McLaren-TAG

With the exception of a change from Michelin to Goodyear tyres after the French company’s withdrawal from F1, Ron Dennis’ team took the attitude that “if it ain’t broke, don’t fix it” and kept drivers, engines and chassis continuity from 1984. Clive James, Australian narrator of the FIA’s official season review video had noted drily that “Anything as fast as the McLarens fell apart, anything as reliable finished later”, and the team would be hoping the same would be true in 1985.

Of course, in Formula One staying still is as good as going backwards, and the MP4/2 chassis was given new, cleaner aerodynamics (with the smaller rear wing as required by the new regulations), the suspension was redesigned to get the best out of the Goodyears and the Porsche technicians massaged another few horses into the TAG engine.


Lauda1. Niki Lauda at

“Niki the Rat” had won his third world title not by being faster than Prost – in fact, over a single lap, Prost was usually the quicker of the two – but by using his experience and patience. Regularly he would put in a bad qualifying lap, move up the field in the early laps and then just settle in and wait for the others to fall by the wayside. He could certainly put in a scorcher when he needed to, but he was wily enough that he seldom needed to. He took wins where he could but was usually quite happy with second place and six points, his eye on the title rather than the race. There had been questions before the season about the elder statesman’s motivation, and he had provided a convincing answer.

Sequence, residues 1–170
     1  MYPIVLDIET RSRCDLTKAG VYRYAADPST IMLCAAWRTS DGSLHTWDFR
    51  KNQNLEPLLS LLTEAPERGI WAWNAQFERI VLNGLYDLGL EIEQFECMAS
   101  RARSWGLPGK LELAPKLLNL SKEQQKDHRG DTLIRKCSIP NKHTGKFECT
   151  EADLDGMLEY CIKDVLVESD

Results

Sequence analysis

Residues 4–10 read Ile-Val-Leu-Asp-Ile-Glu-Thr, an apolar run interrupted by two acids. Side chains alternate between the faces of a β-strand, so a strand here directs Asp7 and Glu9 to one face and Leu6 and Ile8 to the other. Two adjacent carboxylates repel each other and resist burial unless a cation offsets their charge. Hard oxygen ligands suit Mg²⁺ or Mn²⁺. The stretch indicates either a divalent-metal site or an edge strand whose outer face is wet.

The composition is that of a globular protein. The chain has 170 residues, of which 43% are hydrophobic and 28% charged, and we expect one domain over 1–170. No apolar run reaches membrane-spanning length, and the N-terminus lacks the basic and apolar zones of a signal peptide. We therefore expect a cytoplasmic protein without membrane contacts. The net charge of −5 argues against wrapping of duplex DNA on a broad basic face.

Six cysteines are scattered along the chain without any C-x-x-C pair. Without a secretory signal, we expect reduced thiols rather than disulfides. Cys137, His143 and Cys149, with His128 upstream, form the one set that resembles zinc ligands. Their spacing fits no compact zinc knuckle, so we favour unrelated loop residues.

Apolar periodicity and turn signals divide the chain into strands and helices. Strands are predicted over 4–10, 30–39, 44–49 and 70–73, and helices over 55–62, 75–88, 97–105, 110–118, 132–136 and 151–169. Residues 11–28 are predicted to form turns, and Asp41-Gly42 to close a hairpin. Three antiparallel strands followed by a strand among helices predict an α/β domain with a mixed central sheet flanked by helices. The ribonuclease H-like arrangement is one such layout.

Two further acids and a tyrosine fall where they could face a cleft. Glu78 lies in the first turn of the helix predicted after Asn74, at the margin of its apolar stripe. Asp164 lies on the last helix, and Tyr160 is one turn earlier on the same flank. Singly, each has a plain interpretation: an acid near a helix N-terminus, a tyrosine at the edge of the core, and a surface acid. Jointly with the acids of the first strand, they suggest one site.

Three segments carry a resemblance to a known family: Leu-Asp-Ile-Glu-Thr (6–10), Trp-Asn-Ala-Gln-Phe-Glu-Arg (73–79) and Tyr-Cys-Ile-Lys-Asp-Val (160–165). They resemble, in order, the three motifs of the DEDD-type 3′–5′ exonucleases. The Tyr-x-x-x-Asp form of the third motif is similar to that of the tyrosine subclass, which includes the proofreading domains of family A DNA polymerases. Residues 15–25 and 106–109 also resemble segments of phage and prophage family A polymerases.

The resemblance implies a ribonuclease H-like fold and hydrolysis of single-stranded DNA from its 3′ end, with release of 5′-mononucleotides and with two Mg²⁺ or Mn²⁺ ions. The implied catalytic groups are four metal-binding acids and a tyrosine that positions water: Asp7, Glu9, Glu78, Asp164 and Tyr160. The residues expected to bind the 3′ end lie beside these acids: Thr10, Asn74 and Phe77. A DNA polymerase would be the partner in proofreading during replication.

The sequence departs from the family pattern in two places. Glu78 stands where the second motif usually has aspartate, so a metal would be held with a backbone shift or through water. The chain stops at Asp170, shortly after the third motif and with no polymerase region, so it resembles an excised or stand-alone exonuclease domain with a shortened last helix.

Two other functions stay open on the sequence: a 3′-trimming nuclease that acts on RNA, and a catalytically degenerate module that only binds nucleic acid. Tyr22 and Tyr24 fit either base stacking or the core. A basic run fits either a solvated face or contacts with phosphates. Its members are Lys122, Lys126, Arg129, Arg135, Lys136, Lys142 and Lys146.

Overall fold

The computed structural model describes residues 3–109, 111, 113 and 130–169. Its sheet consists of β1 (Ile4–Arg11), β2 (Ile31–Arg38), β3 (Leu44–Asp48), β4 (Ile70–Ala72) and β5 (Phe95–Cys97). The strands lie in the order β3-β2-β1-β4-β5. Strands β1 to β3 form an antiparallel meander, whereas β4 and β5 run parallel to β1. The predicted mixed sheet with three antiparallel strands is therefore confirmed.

Prost2. Alain Prost fr

For the second year in a row, Prost had been pipped to the title at the last race of the season, but he looked happier at McLaren than he ever had at Renault in 1983 and it showed in his cool demeanour at the end of the season. He and Lauda brought out the best in each other and never clashed like Prost had with Arnoux. Prost’s mechanical sympathy was a dream for his mechanics, his smooth, fast driving style suited the car – everything seemed in place for his title and really it was only a bit of bad luck that denied him, retiring while leading Lauda at Brands Hatch and Monza. Can 1985 finally be Prost’s year?
Advertisements

Leave a Reply

Fill in your details below or click an icon to log in:

WordPress.com Logo

You are commenting using your WordPress.com account. Log Out / Change )

Twitter picture

You are commenting using your Twitter account. Log Out / Change )

Facebook photo

You are commenting using your Facebook account. Log Out / Change )

Google+ photo

You are commenting using your Google+ account. Log Out / Change )

Connecting to %s